The Newkirk Avenue subway station on the 2/5 line in Flatbush has officially been renamed Newkirk Avenue-Little Haiti, honoring the large Haitian community in the area, officially known as Little Haiti.
“Each and every local subway station is ingrained in the fabric of the neighborhood,” said Craig Cipriano, acting president of New York City Transit, at an event commemorating the new name’s dedication. “Much like the local public schools, restaurants, and markets. Newkirk Avenue-Little Haiti is no different, it only made sense for us to adjust the name of the station for the area.”
The push to rename the station was helmed by local Assemblymember Rodneyse Bichotte Hermelyn, who represents Flatbush in Albany and became the first Haitian-American elected to the State Legislature in 2014. Bichotte Hermelyn said at a ceremony at St. Jerome Roman Catholic Church, right beside the station, that the renaming involved changing signs and maps, but also affixed Little Haiti and Haitian identity in the area’s fabric.
“Today we celebrate the heart of Brooklyn,” Bichotte Hermelyn said. “To uplift everyone. We have to remind our children and teach them Black history. Because Haitian history is Black history.”
State sen. Kevin Parker, who partnered with Bichotte Hermelyn on ensuring the renaming legislation passed, echoed those thoughts.
“Here in this community, that is the largest concentration of Haitians outside of Haiti in the entire world, it is no robbery to make sure that their culture, their history, and their traditions are expressed in every aspect of the topography and geography of their community,” Parker said. “To make sure that every time people get in and off the train that they see a piece of themselves, they understand that this is their community and they have a stake in it.”
Approximately 67,000 people of Haitian ancestry live in Brooklyn, most concentrated in Little Haiti, according to the Census Bureau’s 2019 American Community Survey (other estimates peg the number as high as 90,000), but the Haitian community’s contributions to the neighborhood went largely unrecognized for generations as it was often lumped in with other Caribbean diasporic groups in the area.
The area finally got its due in 2018 when a big swath of Flatbush was officially designated as the Little Haiti Cultural and Business District, though only after years of protracted arguments between Haitians and other Caribbean leaders that saw a narrower but overlapping section of Flatbush be designated as Little Caribbean. Bichotte Hermelyn, who is now also the chair of the Brooklyn Democratic Party, was the driving force behind the Little Haiti designation as well.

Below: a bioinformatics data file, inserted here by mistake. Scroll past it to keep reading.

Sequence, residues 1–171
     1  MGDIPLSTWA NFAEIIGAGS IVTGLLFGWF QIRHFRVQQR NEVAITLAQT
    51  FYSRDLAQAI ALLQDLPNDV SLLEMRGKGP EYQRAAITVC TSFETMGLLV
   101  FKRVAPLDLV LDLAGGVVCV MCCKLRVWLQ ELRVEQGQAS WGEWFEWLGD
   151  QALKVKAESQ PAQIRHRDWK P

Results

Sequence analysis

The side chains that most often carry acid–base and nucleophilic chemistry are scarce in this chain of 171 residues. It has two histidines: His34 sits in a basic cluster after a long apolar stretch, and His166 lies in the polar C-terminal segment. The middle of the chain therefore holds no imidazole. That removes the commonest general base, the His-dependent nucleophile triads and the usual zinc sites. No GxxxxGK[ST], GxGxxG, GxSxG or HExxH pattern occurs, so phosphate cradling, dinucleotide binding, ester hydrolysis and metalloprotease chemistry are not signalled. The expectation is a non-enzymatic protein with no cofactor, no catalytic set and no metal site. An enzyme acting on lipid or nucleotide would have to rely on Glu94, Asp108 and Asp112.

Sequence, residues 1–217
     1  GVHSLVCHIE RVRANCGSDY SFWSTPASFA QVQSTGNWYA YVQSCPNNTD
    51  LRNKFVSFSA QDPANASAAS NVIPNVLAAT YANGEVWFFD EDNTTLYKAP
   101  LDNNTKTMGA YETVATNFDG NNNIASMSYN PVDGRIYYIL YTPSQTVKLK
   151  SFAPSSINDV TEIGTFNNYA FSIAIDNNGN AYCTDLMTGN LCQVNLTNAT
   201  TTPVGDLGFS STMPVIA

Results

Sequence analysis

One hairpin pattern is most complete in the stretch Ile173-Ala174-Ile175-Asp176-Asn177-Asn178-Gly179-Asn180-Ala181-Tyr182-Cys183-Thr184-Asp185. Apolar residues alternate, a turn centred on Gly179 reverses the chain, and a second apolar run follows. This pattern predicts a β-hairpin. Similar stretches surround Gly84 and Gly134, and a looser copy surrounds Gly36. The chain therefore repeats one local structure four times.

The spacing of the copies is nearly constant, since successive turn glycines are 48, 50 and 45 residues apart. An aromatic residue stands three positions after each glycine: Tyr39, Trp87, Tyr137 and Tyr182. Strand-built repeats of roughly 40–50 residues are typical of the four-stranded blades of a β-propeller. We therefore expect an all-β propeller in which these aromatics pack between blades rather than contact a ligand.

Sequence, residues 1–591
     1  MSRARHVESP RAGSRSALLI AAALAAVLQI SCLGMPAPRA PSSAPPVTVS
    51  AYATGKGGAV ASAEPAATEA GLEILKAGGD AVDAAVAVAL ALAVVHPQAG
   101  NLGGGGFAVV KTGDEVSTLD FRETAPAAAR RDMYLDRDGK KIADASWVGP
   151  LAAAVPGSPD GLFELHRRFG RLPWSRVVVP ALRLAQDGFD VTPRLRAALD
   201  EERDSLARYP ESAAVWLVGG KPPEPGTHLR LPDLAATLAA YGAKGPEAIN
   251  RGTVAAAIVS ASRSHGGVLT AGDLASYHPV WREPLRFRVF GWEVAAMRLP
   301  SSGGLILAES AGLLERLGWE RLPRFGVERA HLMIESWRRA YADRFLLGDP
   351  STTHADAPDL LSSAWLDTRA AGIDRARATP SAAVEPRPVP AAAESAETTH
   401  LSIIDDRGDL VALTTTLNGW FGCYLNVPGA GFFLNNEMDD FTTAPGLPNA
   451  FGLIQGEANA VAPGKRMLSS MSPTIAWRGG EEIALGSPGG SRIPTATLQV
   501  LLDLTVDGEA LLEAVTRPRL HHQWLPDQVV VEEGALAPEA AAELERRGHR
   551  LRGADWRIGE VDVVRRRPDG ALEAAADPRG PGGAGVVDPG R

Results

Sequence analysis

Since the designation, the area has seen greater recognition of its Haitian character, such as street co-namings for two of Haiti’s national heroes, Jean-Jacques Dessalines on Rogers Avenue and Toussaint Louverture on Nostrand Avenue, passing right by the Newkirk-Little Haiti stop.
The unveiling was deliberately timed for Nov. 18 to coincide with the 218th anniversary of 1803’s Battle of Vertières, the pivotal final battle of the Haitian Revolution. The Haitians, former slaves who revolted against French colonial rule, decisively ran Napoleon Bonaparte and his forces out of what had been known as the French colony Saint-Domingue, and they established Haiti as the first free Black republic in the Americas.
The nation has seen more than its fair share of misfortune over the years, from natural and man-made. The country, one of the poorest in the Americas, has seen infrastructural collapse and mass death as a result of earthquakes, including the devastating 2010 quake and a more recent one this summer.
The country’s president, Jovenel Moise, was also assassinated this summer, plunging the country into further political instability. And there’s a long and sordid history of world powers, particularly the United States and France, meddling in Haiti’s affairs to the detriment of its people.
Subway station renamings are a relative rarity, but Brooklyn has seen three stations renamed in the past year-and-a-half, including Newkirk Avenue-Little Haiti. In fact, they’re all on the same line, and all are meant to recognize Central Brooklyn’s Black population: last year, the Franklin Avenue 2/3/4/5/S station and the President Street 2/5 station in Crown Heights were both renamed after nearby Medgar Evers College.